Measuring carbon footprint first step for climate action

Measuring carbon footprint first step for climate action

Waka Pacific Trust reveals how it overcame the challenge faced by many organisations wanting to take climate action; how to start?

Waka Pacific Trust says learning how to measure its carbon emissions and use that data was the motivating step that started its climate action journey.

Waka Pacific Trust is the owner and operator of Due Drop Events Centre and Vector Wero Whitewater Park in Tāmaki Makaurau. Taking climate action was high on its radar, but the challenge was knowing where to start.

“We recognised the importance of reducing our impact on the environment and knew we were well short of where we needed to be,” says Angharad Sturrock, GM Events at Waka Pacific Trust.

The turning point came when the Trust participated in a climate action workshop series, based around the Climate Action Toolbox. The four-month programme, sponsored by Tātaki Auckland Unlimited, armed the Trust with the tools and knowledge to navigate its climate action journey.

“The opportunity to take part in the workshop helped to guide and motivate the team.”

The programme also connected participants with other organisations from the arts, culture, sport and recreation sectors in Tāmaki Makaurau Auckland.

“It was really good meeting the others in the workshop and understanding what they had already done. Some venues out there were a lot further ahead than us. It was quite motivating to see that we weren’t the only ones at the start of their journey.”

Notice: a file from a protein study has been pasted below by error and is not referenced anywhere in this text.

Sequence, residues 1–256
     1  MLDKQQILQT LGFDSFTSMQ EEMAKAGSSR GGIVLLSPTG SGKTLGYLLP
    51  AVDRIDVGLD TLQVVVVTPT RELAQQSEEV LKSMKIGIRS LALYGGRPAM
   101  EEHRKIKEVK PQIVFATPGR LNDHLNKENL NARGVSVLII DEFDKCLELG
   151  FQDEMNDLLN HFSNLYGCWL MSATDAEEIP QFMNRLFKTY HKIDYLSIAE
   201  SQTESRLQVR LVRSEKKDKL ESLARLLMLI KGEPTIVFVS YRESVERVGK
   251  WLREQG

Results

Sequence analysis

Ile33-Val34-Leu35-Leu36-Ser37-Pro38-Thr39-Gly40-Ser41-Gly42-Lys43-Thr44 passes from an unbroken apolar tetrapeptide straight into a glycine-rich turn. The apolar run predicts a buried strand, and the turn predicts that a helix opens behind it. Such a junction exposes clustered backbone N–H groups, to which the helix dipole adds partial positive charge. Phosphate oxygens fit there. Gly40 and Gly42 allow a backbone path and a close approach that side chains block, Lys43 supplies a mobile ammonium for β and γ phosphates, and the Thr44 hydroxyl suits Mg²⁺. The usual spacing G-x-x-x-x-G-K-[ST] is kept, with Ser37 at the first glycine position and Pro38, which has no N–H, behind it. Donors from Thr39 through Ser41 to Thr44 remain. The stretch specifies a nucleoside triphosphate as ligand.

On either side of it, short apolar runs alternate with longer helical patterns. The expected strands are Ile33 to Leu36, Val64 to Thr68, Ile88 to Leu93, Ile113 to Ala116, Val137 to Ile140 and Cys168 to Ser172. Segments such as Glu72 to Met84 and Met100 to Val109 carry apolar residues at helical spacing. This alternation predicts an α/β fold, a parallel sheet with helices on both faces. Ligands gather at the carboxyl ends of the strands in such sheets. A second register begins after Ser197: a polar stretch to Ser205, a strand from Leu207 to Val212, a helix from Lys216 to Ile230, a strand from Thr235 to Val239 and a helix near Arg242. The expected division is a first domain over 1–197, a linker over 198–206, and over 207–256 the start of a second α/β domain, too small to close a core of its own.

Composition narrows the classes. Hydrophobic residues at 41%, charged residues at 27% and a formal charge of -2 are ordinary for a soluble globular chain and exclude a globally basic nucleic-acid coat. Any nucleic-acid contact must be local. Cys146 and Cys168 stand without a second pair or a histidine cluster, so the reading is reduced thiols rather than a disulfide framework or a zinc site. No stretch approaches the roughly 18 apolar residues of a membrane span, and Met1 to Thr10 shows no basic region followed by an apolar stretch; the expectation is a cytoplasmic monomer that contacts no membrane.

To identify priority areas for climate action, the Trust started by measuring its carbon footprint. Thanks to detailed guidelines on how to collect the necessary data for the footprint calculation, the process didn’t seem as daunting as initially perceived, says Angharad.

“Prior to the course, we were unsure how best to measure our carbon footprint and what data should be included. The spreadsheets and knowledge given throughout the workshops on why that data was needed and how to use it was really helpful.”

Looking at invoices for the previous year, data was obtained for key business activities such as energy use, waste and staff travel. Collaboration was crucial, with the Due Drop Event Centre and Vector Whitewater Park joining forces to collect shared data. Together, they were able to establish a baseline carbon emissions calculation for the Trust, providing a means to track progress year-on-year.

The footprint results also highlighted the areas requiring attention, including a need to focus on waste management. This was an area the Trust had already identified as a challenge, with waste being generated from various streams such as daily operations and external events.

“We already knew our waste management wasn’t being done very well and the footprint results validated that.”

Equipped with this knowledge, the Trust is continuing to review how on-site waste practices can be streamlined to reduce emissions. It is collaborating with its waste management company, caterer and clients to find solutions.

The Trust also organised a workshop, led by Waste Management NZ, to help educate staff about the various waste streams, best practices and recommendations. This initiative was received positively and has inspired some waste reduction champions who are engaging with clients about the issues.

While it’s early days, monthly waste reports will help determine the tangible outcomes of these efforts. Waka Pacific Trust anticipates a reduction in carbon emissions and says there is potential to cut costs as well.